The Northern Continental Divide Ecosystem's Interagency Grizzly Bear subcommittee met in Missoula, Mont., on Tuesday. And while that's a mouthful, wildlife managers were hard pressed to put into words how a grizzly bear rambled nearly 3,000 miles in Idaho and Montana.
This morning's Missoulian reports
that the female grizzly traveled from Coeur d'Alene, past Florence and Missoula, Mont., and eventually made her way to Eureka by way of Glacier National Park. The journey took her about three years.
“The one thing we can say is this was not representative of normal bear movement, and certainly not female grizzly bear movement,” Chris Servheen, grizzly bear recovery program coordinator for the U.S. Fish and Wildlife Service, told the Missoulian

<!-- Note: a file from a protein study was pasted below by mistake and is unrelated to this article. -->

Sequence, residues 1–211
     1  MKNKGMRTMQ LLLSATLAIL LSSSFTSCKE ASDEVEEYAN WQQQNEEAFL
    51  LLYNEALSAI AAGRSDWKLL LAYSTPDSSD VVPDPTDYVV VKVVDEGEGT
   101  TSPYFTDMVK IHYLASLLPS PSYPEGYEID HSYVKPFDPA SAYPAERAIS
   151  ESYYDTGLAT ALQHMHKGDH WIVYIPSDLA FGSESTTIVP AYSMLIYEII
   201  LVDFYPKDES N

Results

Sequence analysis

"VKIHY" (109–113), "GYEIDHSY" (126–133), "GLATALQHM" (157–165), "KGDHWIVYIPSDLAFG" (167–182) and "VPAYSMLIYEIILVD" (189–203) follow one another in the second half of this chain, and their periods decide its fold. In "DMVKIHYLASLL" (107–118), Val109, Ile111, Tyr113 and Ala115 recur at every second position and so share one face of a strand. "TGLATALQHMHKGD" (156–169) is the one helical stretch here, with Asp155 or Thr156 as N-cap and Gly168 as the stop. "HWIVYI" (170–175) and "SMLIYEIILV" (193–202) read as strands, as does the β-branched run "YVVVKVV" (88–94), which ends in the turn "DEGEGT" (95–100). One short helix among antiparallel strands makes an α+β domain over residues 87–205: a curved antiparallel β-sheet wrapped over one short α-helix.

. “She had some really bizarre travels.”
The grizzly, named Ethyl, spent time along the northern fringe of the Bitterroot Mountains, near Wallace, Kellogg and Coeur d'Alene in Idaho's Panhandle and reached the southern fringe of Missoula and on to Lolo, Mont., then traveled back to Coeur d'Alene and back again to Missoula, through Glacier National Park and west to Eureka.
"That's a total distance of 2,800 miles," said Servheen.